Reading the Great White Whale

How about reading Moby Dick this winter?

Call me Ishmael. 

You just read one of the most recognizable first lines in all literature opening one of the most immersive and rewarding reads there is. But what’s the big deal? Why read it? Here’s why. Moby Dick sprawls across the pages, from New Bedford to the South Seas and from a hopeful beginning to a disastrous end. Its language is monumental, springing from the biblical and Shakespearean texts that were Herman Melville’s cultural foundation. Its characters, Ahab, Ishmael, Starbuck, Queequeg, Tashtego, Pip, are fully alive and compelling and, to use an anachronistic word, diverse. The discursive chapters on whales and whaling draw you into
world and way of life that’s lost. The whale itself is a force of nature, both aggressor and aggressed against.

First published in 1851, Herman Melville created Moby Dick out of his own experiences as a sailor in the whale fishery, and on two true stories: the story of the sinking of the whaler Essex in 1820 when it was rammed by a sperm whale, and the story of the albino sperm whale Mocha Dick who legendarily destroyed more than 20 whaling ships off the coast of Chile in the early 19th century. The book was a commercial failure, partly because the British edition left off Ishmael’s Epilogue, leading reviewers to conclude that Melville had written a story narrated by a dead man. Moby Dick sold few copies and was out of print at the time of Melville’s death in 1891. Moby Dick didn’t return to public interest until the 1920s when it was championed by Carl Van Doren and D.H. Lawrence, who once wrote that he wished he’d written it himself. The Lakeside Press edition of 1930, illustrated with woodcuts by Rockwell Kent, helped cement its reputation in the 20th century.

The library stocks print copies of Moby Dick all time. Ebooks are available on our ebook platforms and, because Moby Dick is in the public domain, copies are always available.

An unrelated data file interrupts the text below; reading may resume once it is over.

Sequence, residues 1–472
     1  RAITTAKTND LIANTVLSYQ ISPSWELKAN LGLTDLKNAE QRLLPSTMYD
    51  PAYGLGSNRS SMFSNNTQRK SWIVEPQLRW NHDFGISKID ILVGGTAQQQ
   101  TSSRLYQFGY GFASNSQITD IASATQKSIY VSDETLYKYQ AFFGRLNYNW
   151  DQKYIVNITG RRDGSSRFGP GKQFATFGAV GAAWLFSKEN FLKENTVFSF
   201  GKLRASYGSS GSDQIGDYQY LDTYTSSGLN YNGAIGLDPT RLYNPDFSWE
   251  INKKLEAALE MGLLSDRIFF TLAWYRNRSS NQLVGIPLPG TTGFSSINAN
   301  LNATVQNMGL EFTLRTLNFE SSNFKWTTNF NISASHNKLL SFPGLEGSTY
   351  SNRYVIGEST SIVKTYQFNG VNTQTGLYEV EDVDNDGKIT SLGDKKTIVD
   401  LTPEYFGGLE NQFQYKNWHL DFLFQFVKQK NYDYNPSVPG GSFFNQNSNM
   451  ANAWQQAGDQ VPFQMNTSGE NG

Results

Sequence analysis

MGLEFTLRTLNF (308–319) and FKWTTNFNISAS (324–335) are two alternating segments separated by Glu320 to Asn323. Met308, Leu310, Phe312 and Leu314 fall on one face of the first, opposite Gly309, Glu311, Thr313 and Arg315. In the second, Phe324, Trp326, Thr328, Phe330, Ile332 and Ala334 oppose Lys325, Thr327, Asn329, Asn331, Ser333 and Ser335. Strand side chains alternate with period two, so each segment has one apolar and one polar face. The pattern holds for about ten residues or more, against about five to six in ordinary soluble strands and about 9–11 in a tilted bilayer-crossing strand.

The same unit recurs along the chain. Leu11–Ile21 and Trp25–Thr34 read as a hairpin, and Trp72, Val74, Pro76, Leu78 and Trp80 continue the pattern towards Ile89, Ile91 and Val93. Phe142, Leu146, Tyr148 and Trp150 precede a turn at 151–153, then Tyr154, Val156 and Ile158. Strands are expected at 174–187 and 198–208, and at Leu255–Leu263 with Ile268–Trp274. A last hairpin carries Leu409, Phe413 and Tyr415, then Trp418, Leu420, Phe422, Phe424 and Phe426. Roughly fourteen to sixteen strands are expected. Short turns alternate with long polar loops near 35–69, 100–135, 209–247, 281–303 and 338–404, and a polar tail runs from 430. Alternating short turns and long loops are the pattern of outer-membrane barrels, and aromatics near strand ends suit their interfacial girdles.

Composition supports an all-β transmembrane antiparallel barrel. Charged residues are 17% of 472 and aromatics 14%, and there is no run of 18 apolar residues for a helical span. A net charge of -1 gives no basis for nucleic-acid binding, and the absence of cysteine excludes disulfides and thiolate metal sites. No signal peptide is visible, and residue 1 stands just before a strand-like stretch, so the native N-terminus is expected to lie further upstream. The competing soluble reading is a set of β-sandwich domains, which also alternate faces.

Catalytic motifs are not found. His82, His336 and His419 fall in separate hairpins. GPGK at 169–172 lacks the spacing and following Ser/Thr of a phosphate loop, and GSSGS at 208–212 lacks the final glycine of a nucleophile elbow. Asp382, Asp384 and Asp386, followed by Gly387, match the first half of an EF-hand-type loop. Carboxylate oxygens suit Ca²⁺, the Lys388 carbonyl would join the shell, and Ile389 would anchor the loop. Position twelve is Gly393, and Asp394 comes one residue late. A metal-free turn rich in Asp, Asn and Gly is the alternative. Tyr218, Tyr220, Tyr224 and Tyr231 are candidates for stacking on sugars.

For audiobook fans, Moby Dick is a great book to listen to. We stock audiobook recordings on CD as well as e-audio versions on Overdrive, Hoopla, and One-Click Digital. You can also immerse yourself in a podcast version produced at Plymouth University in the U.K., their  Big Read project. Each of the 135 chapters has a different reader, some well-known, others not. Listen to the first chapter, Loomings, read by Tilda Swinton then go on to chapters read by the likes of John Waters, Tony Kushner, and Sir David Attenborough, and all the way through to the Epilogue read by poet Mary Oliver.

Numerous filmed adaptations of the book are out there, too, from the classic 1956 version with Gregory Peck as Ahab to a 1930 talkie with John Barrymore, a film that actually gives Ahab a happy ending!

Using OPL’s Hoopla service you can read Moby Dick, listen to audiobook versions, watch the Gregory Peck film or either of two television adaptations.

There’s even an opera based on the book, composed by Jake Heggie. You can enjoy this beautiful adaptation on a DVD of the San Francisco Opera’s 2012 production.

For a different print experience of Moby Dick, try Matt Kish’s Moby Dick in Pictures, with an image for each of the 552 pages in the Signet Classics paperback edition.

You can do it! Chapters are short, though are a lot of them. This enduring story of ambition, obsession and abuse of power continues to speak to us.

Buoyed up by that coffin, for almost one whole day and night, I floated on a soft and dirgelike main. The unharming sharks, they glided by as if with padlocks on their mouths; the savage sea-hawks sailed with sheathed beaks. On the second day, a sail drew near, nearer, and picked me up at last. It was the devious-cruising Rachel, that in her retracing search after her missing children, only found another orphan.





Moby Dick is undeniably one

Moby Dick is undeniably one of the Great American Novels. I would add two more to the canon. The Last of the Mohicans, and Gone With The Wind.

Moby Dick is a product of 19th century American Transcendentalism. And there's a pronounced transcending universality in its theme.

Nevertheless, I think that The Last of the Mohicans and Gone With the Wind are particularly American in their exposition of just how this country came about.

What do you think?

The content of this field is kept private and will not be shown publicly.
To prevent automated spam submissions leave this field empty.